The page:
Wednesdays Words

Florida’s Wild edible plants Continued

#5 Spiderwort (Tradescantia ohiensis)

Spiderwort is a plant that exhibits beautiful blue, pink, or white flowers and strap-like leaves leaving you to question its name. The name was actually meant to describe its use, which is for the treatment of spider bites. The flowers and leaves are gathered in spring, summer, and fall. It is found in disturbed sites and moist to dry habitats in the northern half of Florida. A distinguishing characteristic of Spiderwort is that it has three symmetrical colored petals where its flowers open each morning and close by noon.

Swamp Cabbage (Sabal palmetto) & Saw Palmetto (Serenoa rapens)

SAW Palmetto

Cabbage palm and saw palmetto are two plants of eleven total species native here to Florida. They’re found in wet to dry habitats, year-round throughout all of Florida making it relatively easy to find. The heart is the only edible part of the plant where the terminal bud can be chopped out of the center of a palm tree and eaten raw or cooked. In spite of that, once the heart is chopped from a cabbage palm it kills the tree. Today, it is illegal to gather swamp cabbage. Don’t fret for the hearts and berries of its relative saw palmetto is used today and is just as delicious.

Saw palmetto is used as a dietary supplement for urinary symptoms associated with the prostate, chronic pelvic pain, decreased sex drive, migraine, and hair loss according to the NIH.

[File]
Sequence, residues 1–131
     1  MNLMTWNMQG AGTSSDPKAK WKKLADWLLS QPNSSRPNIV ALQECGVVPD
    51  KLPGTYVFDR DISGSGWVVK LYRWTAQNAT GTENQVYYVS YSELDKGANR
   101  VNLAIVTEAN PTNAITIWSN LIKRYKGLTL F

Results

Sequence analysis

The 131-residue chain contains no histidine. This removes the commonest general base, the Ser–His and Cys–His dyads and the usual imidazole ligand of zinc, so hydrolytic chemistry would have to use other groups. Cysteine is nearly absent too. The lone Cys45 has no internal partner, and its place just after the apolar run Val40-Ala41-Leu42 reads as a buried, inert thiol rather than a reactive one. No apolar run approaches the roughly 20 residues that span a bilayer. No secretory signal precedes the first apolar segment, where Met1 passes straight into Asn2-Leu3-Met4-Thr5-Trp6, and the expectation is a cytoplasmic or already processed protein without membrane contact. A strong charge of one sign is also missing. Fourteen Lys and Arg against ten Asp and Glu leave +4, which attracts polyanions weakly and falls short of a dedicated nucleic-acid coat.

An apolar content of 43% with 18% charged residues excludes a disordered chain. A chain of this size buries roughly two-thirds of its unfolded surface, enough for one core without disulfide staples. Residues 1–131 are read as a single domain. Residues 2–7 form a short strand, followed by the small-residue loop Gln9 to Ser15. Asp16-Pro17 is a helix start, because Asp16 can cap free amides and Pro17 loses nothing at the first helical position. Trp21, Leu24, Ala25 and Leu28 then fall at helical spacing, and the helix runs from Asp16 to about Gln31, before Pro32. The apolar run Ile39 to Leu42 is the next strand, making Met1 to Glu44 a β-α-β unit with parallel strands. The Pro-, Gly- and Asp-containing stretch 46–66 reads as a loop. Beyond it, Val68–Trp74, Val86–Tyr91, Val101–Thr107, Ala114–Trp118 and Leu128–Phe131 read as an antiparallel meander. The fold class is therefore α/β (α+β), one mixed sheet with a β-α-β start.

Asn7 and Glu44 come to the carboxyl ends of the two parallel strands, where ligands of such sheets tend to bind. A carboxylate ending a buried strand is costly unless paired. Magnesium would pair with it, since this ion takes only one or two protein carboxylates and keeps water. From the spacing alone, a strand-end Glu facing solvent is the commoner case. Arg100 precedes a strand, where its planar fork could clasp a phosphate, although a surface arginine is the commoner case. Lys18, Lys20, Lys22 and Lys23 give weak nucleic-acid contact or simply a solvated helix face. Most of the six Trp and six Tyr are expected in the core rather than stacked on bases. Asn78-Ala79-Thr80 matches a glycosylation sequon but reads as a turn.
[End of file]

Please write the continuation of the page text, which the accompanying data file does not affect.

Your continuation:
#7 Betony (Stachys floridana)

Also known as wild radishes or Florida hedge nettles, is an inconspicuous delicacy. At first glance they may look grub-like because of their white color and bumpy shape but, they’re unlike the red or sharp-tasting garden radishes. These are actually mild and crispy. The white grub-like tubers are the only parts that are edible where the weed is characterized by its pinkish, blue, or purplish flowers and leaves with scalloped edges. At its roots are where the radishes are found. The tubers are harvested in the spring time and are found in disturbed sites and flatwoods throughout Florida.

The tubers can be shaved over a salad or eaten straight out of the hand. Radishes are especially good at cleansing our liver, stomach, and even our blood.4

As you can see, these are the few of many indigenous plants found here in Florida, but it first starts with looking around and becoming knowledgeable with one’s surroundings. It is important to realize the bountiful benefits associated with these plants that grant us the ability live healthier and happier lives.

For more detailed information on a particular plant please feel free to visit Identify That Plant.

Well, that’s all the news from the south,
Happy” farming” to all the farm girl sisters out there.
See you next time down on the farm..

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